“Servant Leader on the Beat.” Information – The Magazine ofthe Christian Police Association, N. Ireland Branch
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Dr. Merlin Switzer
Nine o’clock at night and it’s time for graveyard briefing to start. A message comes down from the Communications Center. A woman has just reportedly been shot in the chest and officers are en route. As I wait for an update, one of the Sergeants has started briefing for this crew that will be on duty until the glow of morning sun invades the Sacramento Valley of Northern California. Ten minutes has passed since briefing started and I get another message. This time the message has to do with the pursuit of a stolen vehicle in the North Highlands area. The car has crashed and the driver has fled on foot. Officers are responding and beginning to get into position in hopes of catching
This is my last night as the South Patrol Division Graveyard Watch Commander. I have been in this assignment for only five months, but it seems much longer. Its tough staying up all night…more than once, I have stopped at a stoplight and seemed to blink and the light has turned green. I drink coffee, but some nights it doesn’t help.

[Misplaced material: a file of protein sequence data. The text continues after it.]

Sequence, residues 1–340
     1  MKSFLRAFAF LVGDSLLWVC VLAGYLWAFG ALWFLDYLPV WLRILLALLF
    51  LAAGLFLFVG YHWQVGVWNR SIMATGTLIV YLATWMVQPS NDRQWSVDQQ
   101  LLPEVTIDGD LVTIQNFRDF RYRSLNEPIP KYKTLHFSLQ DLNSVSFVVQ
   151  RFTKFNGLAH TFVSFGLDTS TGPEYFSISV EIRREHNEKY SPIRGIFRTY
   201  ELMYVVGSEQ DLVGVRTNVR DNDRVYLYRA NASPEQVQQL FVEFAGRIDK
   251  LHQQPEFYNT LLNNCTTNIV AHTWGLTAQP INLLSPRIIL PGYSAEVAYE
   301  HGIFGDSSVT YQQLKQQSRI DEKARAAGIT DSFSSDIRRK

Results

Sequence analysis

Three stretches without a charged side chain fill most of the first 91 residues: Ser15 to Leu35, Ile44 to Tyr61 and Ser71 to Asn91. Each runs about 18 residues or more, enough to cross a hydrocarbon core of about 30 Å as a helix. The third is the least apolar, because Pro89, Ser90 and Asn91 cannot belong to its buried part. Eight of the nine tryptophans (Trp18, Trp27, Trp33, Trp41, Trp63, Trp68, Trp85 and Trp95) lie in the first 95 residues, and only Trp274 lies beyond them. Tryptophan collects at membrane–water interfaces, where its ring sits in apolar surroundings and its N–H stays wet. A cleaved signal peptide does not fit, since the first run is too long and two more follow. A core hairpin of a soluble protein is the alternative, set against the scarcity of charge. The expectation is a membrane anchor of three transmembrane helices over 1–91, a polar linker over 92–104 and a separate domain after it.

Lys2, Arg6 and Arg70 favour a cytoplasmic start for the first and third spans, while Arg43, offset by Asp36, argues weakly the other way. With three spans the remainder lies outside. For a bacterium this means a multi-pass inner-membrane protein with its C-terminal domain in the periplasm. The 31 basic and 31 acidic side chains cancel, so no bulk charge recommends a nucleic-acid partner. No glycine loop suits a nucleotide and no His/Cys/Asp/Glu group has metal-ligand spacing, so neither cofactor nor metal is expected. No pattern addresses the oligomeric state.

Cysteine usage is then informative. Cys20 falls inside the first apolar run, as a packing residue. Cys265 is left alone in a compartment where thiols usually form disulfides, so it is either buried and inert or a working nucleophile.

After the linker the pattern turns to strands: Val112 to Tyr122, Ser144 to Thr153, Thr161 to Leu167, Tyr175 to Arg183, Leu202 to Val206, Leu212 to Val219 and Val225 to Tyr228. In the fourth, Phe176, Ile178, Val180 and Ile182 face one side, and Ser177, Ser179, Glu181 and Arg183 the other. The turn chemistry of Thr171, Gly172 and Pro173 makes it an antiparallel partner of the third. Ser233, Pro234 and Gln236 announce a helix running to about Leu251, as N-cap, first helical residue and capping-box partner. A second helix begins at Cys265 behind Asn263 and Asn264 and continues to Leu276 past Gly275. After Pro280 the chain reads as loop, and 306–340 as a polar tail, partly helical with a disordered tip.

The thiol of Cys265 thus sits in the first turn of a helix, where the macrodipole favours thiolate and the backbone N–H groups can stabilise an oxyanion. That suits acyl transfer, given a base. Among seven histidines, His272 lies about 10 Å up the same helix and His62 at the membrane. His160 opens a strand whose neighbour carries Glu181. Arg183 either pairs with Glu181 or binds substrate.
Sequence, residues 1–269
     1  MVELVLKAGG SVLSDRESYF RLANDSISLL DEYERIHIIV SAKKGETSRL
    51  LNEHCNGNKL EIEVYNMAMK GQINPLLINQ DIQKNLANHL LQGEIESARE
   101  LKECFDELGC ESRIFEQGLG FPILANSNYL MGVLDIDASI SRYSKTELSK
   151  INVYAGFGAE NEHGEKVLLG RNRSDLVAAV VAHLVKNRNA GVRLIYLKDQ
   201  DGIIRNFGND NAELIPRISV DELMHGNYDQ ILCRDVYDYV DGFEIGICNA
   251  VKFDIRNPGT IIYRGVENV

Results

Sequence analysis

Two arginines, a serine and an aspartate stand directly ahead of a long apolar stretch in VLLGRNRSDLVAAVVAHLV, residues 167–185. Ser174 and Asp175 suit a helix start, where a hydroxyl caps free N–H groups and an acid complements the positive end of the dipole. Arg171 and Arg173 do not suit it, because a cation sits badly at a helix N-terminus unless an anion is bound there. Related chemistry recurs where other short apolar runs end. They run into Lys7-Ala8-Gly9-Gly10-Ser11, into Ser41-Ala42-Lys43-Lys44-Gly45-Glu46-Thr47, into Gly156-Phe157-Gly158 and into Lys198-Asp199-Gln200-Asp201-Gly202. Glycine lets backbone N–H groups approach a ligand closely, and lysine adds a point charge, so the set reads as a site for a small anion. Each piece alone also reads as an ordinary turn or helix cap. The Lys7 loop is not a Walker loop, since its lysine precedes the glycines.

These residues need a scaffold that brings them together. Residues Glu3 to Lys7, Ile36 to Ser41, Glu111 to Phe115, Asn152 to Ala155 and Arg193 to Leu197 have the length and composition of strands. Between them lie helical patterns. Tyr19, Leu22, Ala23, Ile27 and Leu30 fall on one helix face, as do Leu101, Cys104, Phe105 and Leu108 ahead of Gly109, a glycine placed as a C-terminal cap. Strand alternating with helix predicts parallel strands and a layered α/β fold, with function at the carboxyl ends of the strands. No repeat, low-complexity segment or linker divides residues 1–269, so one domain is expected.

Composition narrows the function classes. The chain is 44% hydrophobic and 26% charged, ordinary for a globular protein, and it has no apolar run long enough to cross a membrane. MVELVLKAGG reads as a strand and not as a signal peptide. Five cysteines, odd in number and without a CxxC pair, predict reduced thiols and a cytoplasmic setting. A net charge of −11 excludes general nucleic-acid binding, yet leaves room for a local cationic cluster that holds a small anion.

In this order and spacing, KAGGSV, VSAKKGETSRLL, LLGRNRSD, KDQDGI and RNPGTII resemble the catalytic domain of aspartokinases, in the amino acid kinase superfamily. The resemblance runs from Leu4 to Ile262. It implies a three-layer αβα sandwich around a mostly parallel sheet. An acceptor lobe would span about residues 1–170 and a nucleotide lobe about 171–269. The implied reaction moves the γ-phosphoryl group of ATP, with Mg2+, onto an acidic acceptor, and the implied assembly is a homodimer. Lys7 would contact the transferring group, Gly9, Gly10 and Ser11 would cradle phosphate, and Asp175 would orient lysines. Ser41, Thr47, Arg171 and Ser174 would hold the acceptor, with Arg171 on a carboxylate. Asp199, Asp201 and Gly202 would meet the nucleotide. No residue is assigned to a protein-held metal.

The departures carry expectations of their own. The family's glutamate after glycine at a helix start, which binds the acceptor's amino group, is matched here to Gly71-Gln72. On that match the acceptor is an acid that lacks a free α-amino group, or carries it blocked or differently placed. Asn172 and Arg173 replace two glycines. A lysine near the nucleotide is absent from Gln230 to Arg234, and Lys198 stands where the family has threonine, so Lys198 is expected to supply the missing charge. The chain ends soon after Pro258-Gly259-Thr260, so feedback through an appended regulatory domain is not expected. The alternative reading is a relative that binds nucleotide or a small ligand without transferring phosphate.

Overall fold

This night, in 1993, is one I will not forget. I am the only Lieutenant on duty for the unincorporated area patrolled by the Sacramento Sheriff’s Department serving a population of over 500,000. On a typical graveyard shift, North and South Patrol Divisions would field about twenty to thirty officers. Many nights we could have used twice that many during peak busy periods. This was an unusually busy night with a number of emergency situations.
After briefing, this crew of predominately young officers took their posse boxes containing the multitude of forms that might be needed, extra handcuffs and ammo, Penal Code and other miscellaneous supplies and headed for their patrol cars. After a quick safety check of our patrol vehicles to ensure the emergency equipment was working, we headed out to begin patrolling south of the American River in the communities of Rancho Cordova, South Sacramento, Elk Grove and beyond.